In the video above, Michael Pollan makes the connection between the energy crisis, health care reform, and climate change (although he presents them as separate issues, I would argue that energy and climate can be considered two symptoms of the same problem). What is the thread that ties these issues - some of the most significant challenges of our time - together? The answer is deceptively simple: Food.
Pollan, author of the award-winning book The Omnivore's Dilemma, has made quite a name for himself investigating the complexities, hypocrisy, and corruption of the corporate food system in the United States (Click here for David Kamp's brilliant synopsis of the book from the New York Times Book Review). As the way we produce food in this country becomes more industrialized, Pollan writes, the distance our meal travels from farm to dinner plate becomes longer and more convoluted. And when we lose sight of where our food comes from, we also lose sight of the value of what we use to fuel our bodies (leading to cultural, nutritional, and environmental problems).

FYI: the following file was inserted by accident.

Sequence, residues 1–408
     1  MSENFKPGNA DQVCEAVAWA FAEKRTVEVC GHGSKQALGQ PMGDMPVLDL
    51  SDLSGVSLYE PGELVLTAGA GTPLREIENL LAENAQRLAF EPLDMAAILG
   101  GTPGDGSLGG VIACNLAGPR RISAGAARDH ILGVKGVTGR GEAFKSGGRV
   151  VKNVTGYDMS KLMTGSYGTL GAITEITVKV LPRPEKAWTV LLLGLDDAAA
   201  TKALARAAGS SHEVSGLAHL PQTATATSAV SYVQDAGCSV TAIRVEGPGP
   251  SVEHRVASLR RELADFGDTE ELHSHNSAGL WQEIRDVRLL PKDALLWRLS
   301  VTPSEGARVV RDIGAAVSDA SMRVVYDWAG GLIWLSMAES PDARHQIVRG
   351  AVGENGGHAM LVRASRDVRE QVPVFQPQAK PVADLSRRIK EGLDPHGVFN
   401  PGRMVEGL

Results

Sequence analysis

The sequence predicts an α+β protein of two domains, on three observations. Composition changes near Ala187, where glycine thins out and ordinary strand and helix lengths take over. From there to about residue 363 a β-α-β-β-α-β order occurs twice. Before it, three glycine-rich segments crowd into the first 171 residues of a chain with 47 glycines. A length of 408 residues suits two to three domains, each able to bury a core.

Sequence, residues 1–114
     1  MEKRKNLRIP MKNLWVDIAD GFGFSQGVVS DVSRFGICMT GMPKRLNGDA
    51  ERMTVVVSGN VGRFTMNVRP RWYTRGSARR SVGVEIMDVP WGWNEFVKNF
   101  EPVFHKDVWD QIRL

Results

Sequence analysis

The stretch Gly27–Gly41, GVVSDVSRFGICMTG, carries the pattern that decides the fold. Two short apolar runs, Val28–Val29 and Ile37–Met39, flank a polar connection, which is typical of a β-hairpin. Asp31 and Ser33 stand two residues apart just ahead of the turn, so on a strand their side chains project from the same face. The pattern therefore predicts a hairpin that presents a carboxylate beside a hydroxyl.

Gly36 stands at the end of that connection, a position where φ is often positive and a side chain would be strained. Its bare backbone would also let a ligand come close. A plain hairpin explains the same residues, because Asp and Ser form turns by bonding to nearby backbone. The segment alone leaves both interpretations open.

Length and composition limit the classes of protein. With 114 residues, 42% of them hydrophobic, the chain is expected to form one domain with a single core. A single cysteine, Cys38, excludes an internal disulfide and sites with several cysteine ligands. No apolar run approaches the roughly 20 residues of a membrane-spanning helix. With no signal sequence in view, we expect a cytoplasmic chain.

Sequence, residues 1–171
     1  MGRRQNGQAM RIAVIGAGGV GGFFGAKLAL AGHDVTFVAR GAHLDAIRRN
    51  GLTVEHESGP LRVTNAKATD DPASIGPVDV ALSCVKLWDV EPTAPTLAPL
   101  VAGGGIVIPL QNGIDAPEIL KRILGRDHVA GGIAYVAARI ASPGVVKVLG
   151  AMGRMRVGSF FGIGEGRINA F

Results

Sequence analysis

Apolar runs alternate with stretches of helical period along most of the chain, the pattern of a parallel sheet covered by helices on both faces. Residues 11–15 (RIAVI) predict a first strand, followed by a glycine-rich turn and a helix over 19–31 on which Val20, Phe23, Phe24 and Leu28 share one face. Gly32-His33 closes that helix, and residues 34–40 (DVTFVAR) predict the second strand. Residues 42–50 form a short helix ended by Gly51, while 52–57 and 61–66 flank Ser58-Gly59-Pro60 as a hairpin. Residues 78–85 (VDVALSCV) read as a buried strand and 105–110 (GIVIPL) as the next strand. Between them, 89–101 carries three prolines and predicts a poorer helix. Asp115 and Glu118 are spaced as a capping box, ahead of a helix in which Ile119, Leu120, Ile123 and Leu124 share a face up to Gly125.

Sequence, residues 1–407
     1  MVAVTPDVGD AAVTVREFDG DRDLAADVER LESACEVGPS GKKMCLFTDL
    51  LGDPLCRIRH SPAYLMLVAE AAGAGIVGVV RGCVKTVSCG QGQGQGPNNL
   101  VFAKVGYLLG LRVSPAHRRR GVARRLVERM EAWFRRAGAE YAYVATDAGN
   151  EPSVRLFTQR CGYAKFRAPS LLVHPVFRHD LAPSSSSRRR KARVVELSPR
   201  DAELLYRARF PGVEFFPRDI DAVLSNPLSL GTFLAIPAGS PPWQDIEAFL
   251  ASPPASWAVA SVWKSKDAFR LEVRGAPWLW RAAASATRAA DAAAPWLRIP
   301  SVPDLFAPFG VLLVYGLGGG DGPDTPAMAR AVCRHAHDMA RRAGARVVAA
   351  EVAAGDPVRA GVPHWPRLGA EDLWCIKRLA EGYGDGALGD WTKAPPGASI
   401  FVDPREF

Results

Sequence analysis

In light of this basic explanation of Pollan's work, I pose the following questions: Is it possible to kill three birds with one stone? Is it possible to solve the energy crisis, alleviate the burden on our health care system, and mitigate the effects of climate change by reforming the way we produce, distribute, and consume food in this country?